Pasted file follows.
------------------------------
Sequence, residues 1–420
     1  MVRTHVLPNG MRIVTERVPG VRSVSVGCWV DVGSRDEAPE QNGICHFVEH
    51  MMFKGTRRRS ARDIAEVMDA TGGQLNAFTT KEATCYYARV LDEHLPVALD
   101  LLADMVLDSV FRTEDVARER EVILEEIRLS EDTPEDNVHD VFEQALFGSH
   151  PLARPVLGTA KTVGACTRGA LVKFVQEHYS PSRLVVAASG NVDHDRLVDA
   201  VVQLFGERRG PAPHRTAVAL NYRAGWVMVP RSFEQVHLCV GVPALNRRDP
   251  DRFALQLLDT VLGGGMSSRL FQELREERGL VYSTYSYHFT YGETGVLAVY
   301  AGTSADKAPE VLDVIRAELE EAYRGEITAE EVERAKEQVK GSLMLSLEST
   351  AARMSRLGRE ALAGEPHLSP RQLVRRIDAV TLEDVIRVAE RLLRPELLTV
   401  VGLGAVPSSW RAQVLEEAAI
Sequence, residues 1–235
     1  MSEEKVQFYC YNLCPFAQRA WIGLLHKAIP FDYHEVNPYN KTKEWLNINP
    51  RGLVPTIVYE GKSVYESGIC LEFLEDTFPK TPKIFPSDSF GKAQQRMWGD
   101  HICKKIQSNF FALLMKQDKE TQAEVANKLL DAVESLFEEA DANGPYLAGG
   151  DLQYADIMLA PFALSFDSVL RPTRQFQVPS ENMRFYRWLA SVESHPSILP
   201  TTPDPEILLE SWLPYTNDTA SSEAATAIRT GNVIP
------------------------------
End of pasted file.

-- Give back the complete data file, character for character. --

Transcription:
Sequence, residues 1–420
     1  MVRTHVLPNG MRIVTERVPG VRSVSVGCWV DVGSRDEAPE QNGICHFVEH
    51  MMFKGTRRRS ARDIAEVMDA TGGQLNAFTT KEATCYYARV LDEHLPVALD
   101  LLADMVLDSV FRTEDVARER EVILEEIRLS EDTPEDNVHD VFEQALFGSH
   151  PLARPVLGTA KTVGACTRGA LVKFVQEHYS PSRLVVAASG NVDHDRLVDA
   201  VVQLFGERRG PAPHRTAVAL NYRAGWVMVP RSFEQVHLCV GVPALNRRDP
   251  DRFALQLLDT VLGGGMSSRL FQELREERGL VYSTYSYHFT YGETGVLAVY
   301  AGTSADKAPE VLDVIRAELE EAYRGEITAE EVERAKEQVK GSLMLSLEST
   351  AARMSRLGRE ALAGEPHLSP RQLVRRIDAV TLEDVIRVAE RLLRPELLTV
   401  VGLGAVPSSW RAQVLEEAAI
Sequence, residues 1–235
     1  MSEEKVQFYC YNLCPFAQRA WIGLLHKAIP FDYHEVNPYN KTKEWLNINP
    51  RGLVPTIVYE GKSVYESGIC LEFLEDTFPK TPKIFPSDSF GKAQQRMWGD
   101  HICKKIQSNF FALLMKQDKE TQAEVANKLL DAVESLFEEA DANGPYLAGG
   151  DLQYADIMLA PFALSFDSVL RPTRQFQVPS ENMRFYRWLA SVESHPSILP
   201  TTPDPEILLE SWLPYTNDTA SSEAATAIRT GNVIP